Thursday, August 02, 2012
When I was a kid growing up in the 1970s, I spent a lot of time with my brother, sisters, and cousins at my grandmother's farm in central Wisconsin. At the time it was better than any trip to a park, museum, or zoo. There was always something fun and thrilling to do there and it was usually educational in one facet or another. There were old tractors and other dilapidated farm machinery to investigate, a huge haymow in the barn where we made forts, a milk house that was also storage for back issues of Popular Mechanics and old electronic gear. Naturally, there was the usual variety of animals one finds on a small Midwestern farm. It's where I first witnessed the birth of any living creature. We swung on a round swing suspended by a rope from the big pines in the backyard, ate raw vegetables right out of the garden, collected apples at the orchard, and explored the woods at the far end of the cattle pasture. It was at the farm I saw my first Killdeer, Eastern Kingbird, Barn Swallow, and Eastern Bluebird.
My Uncle Bill took over the farm after my grandfather passed away in 1970. As free labor, we were recruited for all kinds of farming duties. It was hard work, but we loved doing it because it made us feel like grownups. We were rewarded in other ways, though. By noontime our stomachs would be begin to growl and we would sprint across the field when grandma called us all in for lunch. After a delicious farm-cooked meal, we listened to Paul Harvey's The Rest of the Story on the radio and enjoyed Uncle Bill's earnest cackling laugh whenever he found something humorous. We were too young to fully appreciate Mr. Harvey's monologues, but we laughed along because we were kids.
After listening to the radio, sometimes the adults would continue to share a conversation. The rest of us paged through some of my uncle's science and nature books or played grandma's piano. Other times all of us would head back out to the fields and gardens to play or work. I don't think I ever slept quite as well anywhere else in the world as I did during nights on the farm. Everything about life there was big, beautiful, and innocent. The farm was sold after my uncle passed away. The big pines behind the house were cut down. Along with the other farm structures, the house and barn were torn down and the entire property was eventually replaced with an agricultural field. I can find the spot along the highway on Google Earth, but the evidence of what gave us these enjoyable experiences and memories is utterly gone. There's no trace that it ever existed.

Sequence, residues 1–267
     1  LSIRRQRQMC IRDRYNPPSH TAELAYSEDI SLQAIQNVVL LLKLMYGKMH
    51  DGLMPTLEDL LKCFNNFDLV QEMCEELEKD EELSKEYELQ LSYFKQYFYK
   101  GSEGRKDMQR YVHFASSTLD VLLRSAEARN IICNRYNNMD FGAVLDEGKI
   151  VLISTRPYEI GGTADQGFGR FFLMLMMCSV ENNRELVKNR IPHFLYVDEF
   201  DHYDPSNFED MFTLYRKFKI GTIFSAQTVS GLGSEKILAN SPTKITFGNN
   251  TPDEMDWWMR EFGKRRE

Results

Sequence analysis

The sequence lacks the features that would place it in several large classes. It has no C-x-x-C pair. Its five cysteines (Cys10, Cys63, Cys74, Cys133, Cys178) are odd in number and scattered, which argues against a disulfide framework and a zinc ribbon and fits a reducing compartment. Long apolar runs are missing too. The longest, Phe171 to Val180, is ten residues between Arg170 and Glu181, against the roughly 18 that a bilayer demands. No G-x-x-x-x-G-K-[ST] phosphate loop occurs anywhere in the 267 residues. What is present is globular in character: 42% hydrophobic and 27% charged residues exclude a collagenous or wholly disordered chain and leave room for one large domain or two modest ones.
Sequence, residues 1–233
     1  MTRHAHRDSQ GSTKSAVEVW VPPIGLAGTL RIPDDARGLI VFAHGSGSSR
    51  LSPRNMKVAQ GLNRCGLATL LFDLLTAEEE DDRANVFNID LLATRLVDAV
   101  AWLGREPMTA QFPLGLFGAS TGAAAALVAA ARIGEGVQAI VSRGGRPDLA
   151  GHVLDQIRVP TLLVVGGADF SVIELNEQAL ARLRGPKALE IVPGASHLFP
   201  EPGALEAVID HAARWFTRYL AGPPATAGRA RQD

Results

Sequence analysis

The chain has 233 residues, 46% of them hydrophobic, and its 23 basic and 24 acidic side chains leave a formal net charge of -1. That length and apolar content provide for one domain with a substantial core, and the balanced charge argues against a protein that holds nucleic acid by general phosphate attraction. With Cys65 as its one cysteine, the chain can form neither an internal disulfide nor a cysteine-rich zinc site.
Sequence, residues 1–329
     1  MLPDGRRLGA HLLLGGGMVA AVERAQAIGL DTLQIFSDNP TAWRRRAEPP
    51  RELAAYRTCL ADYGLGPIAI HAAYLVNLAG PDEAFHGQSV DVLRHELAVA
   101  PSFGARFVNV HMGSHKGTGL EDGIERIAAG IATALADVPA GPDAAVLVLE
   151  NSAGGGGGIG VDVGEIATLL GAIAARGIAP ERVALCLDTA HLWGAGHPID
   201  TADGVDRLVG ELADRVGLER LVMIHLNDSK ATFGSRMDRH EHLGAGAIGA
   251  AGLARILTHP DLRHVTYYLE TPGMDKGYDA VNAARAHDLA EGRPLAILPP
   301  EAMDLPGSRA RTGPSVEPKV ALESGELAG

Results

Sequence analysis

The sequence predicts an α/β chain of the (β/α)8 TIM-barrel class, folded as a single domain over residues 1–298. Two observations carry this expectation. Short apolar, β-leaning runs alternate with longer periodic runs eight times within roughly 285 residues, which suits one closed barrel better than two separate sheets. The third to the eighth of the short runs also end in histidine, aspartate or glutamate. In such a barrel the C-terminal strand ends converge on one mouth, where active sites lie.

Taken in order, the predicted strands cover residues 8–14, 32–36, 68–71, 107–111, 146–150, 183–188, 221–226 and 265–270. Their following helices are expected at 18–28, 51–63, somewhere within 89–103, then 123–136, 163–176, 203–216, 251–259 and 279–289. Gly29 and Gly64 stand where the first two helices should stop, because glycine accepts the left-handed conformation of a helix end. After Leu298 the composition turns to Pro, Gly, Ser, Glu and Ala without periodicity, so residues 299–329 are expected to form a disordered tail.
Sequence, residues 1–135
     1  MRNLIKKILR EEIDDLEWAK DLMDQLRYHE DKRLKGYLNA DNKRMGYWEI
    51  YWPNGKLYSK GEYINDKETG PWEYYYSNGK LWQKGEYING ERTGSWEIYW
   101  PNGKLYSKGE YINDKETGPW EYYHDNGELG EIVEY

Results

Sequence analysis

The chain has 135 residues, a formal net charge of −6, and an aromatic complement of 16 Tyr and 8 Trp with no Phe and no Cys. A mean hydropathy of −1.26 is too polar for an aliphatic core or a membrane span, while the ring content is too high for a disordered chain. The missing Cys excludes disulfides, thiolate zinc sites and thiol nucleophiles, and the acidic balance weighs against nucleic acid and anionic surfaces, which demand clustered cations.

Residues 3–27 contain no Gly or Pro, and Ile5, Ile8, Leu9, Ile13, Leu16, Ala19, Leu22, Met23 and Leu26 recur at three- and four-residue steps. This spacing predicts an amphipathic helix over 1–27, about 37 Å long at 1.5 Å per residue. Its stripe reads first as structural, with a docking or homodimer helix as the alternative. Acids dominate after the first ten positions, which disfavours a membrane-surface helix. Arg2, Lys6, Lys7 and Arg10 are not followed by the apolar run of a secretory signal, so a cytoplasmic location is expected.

The experience of being on a farm at a young and impressionable age probably explains the attraction I hold today for Pope Farm Conservancy in the Town of Middleton. There's something about its scenery, sounds, and smells that takes me back decades to a time of innocent and carefree living. Oh how things have changed! For me, it doesn't really matter if it's Pope Farm, Pheasant Branch, or someplace else outdoors away from the TV or computer screen; being with Nature is the antidote to all that ails the world right now. No matter our hubris and technology, she will most assuredly take it back someday, leaving no trace that we ever existed. Is this really such a terrible fate? Some days I don't think so. Some days I think that's perfectly natural.
© 2012 Mike McDowell